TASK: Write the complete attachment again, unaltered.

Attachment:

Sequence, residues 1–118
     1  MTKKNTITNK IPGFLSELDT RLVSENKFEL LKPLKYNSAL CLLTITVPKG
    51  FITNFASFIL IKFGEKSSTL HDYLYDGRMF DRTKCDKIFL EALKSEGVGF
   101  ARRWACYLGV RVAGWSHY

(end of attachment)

Sequence, residues 1–118
     1  MTKKNTITNK IPGFLSELDT RLVSENKFEL LKPLKYNSAL CLLTITVPKG
    51  FITNFASFIL IKFGEKSSTL HDYLYDGRMF DRTKCDKIFL EALKSEGVGF
   101  ARRWACYLGV RVAGWSHY